Like a Rolling Stone (No Direction of Its Own)

A Meditation: We are stardust, we are golden, we are billion year old carbon 

- Joni Mitchell 

Inspired by energies that resound and pound gently with heart, I have found some calm after being stunned and sickened by gunmen in Paris, San Bernardino, and elsewhere

What started this particular mind thread was: 
Life is change; that's how it differs from the rocks.
—Jefferson Airplane
This quote, sent by a friend, did not sit right. Really? Rocks don't change? Of course they do! They ARE alive. They just change at a different rate. And aren't stars just big hot rocks? (or burning masses of oxygen and helium.) If we are all made of particles of hot rocks or more poetically, star dust—then we are all—star, saint, holy person, sinner, terrorist, cockroach—the same. 
(NASA scientist in video: when the stars die what remains? NO THING—form and emptiness. Us, dead stars? Not poetic, just scientific.)
However, what do star rocks or rock stars have to do with yoga or me? Who better to answer the Airplane than Bob Dylan? A FB friend asked for titles of great literature to describe their yoga practice. (She chose War and Peace.) The final redemptive verses of Dylan's classic were in my head:

You used to be so amused

At Napoleon in rags and the language that he used

Go to him now, he calls you, you can't refuse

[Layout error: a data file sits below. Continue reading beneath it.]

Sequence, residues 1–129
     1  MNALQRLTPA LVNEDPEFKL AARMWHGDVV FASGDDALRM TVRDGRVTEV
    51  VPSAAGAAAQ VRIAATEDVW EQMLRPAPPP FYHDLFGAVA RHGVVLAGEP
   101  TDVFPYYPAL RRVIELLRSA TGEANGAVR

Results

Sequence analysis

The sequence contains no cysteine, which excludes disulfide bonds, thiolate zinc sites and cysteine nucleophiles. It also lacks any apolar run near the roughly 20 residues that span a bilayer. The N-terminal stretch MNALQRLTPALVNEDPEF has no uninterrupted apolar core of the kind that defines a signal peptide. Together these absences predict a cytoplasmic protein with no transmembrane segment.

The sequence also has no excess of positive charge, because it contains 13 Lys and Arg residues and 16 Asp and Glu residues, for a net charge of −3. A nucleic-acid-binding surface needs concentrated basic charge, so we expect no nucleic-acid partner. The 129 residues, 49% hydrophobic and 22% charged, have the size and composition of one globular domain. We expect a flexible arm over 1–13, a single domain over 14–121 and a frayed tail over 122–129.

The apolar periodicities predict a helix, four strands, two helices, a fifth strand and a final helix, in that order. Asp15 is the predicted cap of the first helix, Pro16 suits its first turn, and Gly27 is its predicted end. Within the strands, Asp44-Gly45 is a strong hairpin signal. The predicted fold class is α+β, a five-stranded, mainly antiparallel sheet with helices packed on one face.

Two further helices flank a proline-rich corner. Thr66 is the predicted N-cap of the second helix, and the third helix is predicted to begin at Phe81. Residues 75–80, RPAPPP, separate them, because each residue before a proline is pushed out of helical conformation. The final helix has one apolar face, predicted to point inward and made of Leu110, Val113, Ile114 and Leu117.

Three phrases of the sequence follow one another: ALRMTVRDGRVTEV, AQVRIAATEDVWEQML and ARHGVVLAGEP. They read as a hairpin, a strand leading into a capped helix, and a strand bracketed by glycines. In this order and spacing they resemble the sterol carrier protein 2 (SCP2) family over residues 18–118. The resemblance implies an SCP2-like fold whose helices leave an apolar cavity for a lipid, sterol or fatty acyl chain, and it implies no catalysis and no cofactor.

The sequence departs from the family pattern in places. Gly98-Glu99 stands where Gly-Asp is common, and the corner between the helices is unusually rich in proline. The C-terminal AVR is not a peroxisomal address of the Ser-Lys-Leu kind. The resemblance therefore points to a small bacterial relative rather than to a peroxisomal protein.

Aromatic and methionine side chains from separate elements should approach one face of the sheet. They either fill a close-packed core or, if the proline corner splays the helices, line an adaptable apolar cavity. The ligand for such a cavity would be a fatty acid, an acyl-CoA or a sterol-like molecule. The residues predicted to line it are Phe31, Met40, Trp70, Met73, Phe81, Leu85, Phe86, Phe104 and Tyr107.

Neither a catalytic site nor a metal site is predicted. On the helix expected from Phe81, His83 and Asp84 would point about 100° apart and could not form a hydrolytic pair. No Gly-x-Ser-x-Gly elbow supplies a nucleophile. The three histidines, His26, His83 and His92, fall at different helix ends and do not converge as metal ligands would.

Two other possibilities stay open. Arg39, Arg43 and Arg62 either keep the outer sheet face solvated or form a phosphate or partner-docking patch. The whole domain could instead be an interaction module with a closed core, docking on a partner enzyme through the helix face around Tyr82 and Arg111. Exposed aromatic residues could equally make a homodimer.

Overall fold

When you ain't got nothing, you got nothing to lose

You're invisible now, you've got no secrets to conceal

How does it feel, ah how does it feel?
To be on your own, with no direction home
Like a complete unknown, like a rolling stone

There is exhilaration in having nothing, without anything to lose, being invisible and without secrets. Yielding to what is—on and off the yoga mat has been a gift: I'm on my own, no way to get home, a complete unknown; can't hide flaws, and at my age nothin' to lose—a rolling stone! 
Like a Rolling Stone - Bob Dylan     
(Dylan's lyrics are brilliant, so poetic and so unapologetically angry, genuine!) 

The rolling meditation leads to my brother and a friend whose pen name is Katriel. After hearing about my brother in hospice, he dedicated his poem "Stone kicking" to him. 

Stone kicking
the stone he was kicking along the road
through a grille into a drain
bending  for another pebble
he found a truth
and put this in his pocket

I carry this in my coat
sometimes my jacket
it tells me who I am, hints who I was
anchors my present

like stone it is not cold
it hums and vibrates there
alive, it will outlive me
says to take love
the only thing that lasts

the stone sits like a cat
on my papers
but holds them in place
without judging

This poem is dedicated to Gary – in kinship
 Katriel, Constitution Road, 18 March 2012

The thread now rolls toward Laurie Anderson's movie "Heart of a Dog" (itself a meditation on life, love, death:  "Heart of a Dog" Preview ) where Anderson tells her Buddhist teacher that she is not sure that she loved her dying mother...

And finally back to stone, stars, and terrorists. Until recently, I had not even a sub-atomic particle of understanding of anyone responsible for the extreme and brutal acts around the world. Why could or would anyone do such a thing? Often feeling helpless and heartbroken by world suffering and tragedy, I asked, 
What can I do?  
WE are stardust!  
We all dream of butterflies.